In his own testimony, given without emotion, Breivik recounted firing more bullets into teenagers who were injured and couldn't escape, killing those who tried to "play dead" and driving others into the sea to drown.

His fertilizer bomb attack against government buildings in Oslo also killed eight people and injured many more.

It was only luck that more people were not killed and hurt in the blast, the court heard.

Breivik blames politicians, and the Labour Party in particular, for promoting multiculturalism in Norway.

He has been held in a "particularly high security" wing of Ila Prison since his detention immediately after the killings.

The prison's governor, Knut Bjarkeid, said Wednesday that the institution was ready to hold Breivik securely whether the court ruled him sane or not. "Our job is to protect the community," Bjarkeid said.

Over the past year, Breivik has had three cells for his use, one for physical exercise and another for reading and writing, as well as a separate outdoor exercise space, he said. Breivik cannot mix with prisoners from other wings, but does have contact with prison staff.

"As of now, we think there is a need to subject Mr. Behring Breivik to a particularly high security regime," Bjarkeid said.

The high security regime "puts a heavy strain on an inmate, especially if it lasts for a longer period," he added, so Breivik's continued detention under these conditions will be kept under constant review.

Defense lawyer Geir Lippestad has previously said it is important to Breivik that people see him as sane so they don't dismiss his views.

The court had to consider conflicting opinions from medical experts in reaching its verdict.

An initial team of psychiatrists found Breivik to be paranoid and schizophrenic, following 36 hours of interviews.

However, a second pair of experts found he was not psychotic at the time of the attacks, does not suffer from a psychiatric condition and is not mentally challenged.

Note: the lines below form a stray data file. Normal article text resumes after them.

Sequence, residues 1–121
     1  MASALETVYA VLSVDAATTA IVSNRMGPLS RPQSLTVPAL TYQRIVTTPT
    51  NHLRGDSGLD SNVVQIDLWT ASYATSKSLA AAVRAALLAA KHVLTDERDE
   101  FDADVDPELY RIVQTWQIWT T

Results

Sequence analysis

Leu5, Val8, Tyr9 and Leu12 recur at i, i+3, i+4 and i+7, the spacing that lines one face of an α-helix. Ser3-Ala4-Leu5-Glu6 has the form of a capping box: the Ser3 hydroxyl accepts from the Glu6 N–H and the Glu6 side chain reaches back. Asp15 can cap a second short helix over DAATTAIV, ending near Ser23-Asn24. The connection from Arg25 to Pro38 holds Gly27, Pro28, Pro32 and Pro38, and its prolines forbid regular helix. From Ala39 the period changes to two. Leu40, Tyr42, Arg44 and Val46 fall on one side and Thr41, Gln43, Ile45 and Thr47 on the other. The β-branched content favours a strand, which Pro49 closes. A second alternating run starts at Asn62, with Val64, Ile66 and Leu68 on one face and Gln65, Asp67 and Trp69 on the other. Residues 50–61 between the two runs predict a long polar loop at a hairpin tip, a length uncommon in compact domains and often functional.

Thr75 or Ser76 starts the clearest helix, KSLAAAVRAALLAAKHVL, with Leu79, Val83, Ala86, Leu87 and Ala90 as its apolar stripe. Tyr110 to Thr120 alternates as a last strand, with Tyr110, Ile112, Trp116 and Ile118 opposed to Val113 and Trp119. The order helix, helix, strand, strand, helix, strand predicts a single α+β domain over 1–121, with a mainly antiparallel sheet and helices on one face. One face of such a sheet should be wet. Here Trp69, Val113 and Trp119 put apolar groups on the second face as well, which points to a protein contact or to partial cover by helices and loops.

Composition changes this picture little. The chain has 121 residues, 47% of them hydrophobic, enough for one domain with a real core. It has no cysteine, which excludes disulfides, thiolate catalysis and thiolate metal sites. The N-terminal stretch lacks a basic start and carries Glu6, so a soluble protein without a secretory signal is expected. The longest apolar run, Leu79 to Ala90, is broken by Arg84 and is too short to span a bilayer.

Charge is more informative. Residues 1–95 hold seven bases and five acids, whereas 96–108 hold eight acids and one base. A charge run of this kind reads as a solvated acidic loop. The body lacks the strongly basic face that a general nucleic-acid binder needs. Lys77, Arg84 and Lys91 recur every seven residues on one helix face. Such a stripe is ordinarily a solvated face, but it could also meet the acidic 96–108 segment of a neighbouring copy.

Their report said there is a "high risk for repeated violent actions."

Mark Stephens, a partner at law firm Finers Stephens Innocent, told CNN Friday: "The general public will think only a madman can commit these offenses, but in law madness is defined very narrowly. Basically it requires a doctor to come to court and say this person has a definable medical illness -- in this case the prosecution said he was a paranoid schizophrenic, and that can be treated with drugs and behavioral therapy.

"If, however, he had a personality disorder or was just ... motivated, as in this case, by a misguided political belief that this was the only way to stop the Islamization, as he would have it, of his nation, then in those circumstances he has be found guilty because he understood what he was doing was wrong."

Breivik's rampage, the worst atrocity on Norwegian soil since World War II, prompted much soul-searching.

Norwegians reasserted their commitment to multiculturalism and tolerance at a series of mass public tributes held in the immediate aftermath of the massacre.

And earlier this month, Norway's chief of police stepped down after an independent commission detailed a catalog of police and intelligence failures.

It concluded that those errors cost police 30 minutes in getting to Utoya, and that dozens of lives might have been saved.

Speaking last month on the anniversary of the killings, Prime Minister Jens Stoltenberg urged Norwegians to "honor the dead by celebrating life," and said Breivik had failed in his attempt to change Norway's values.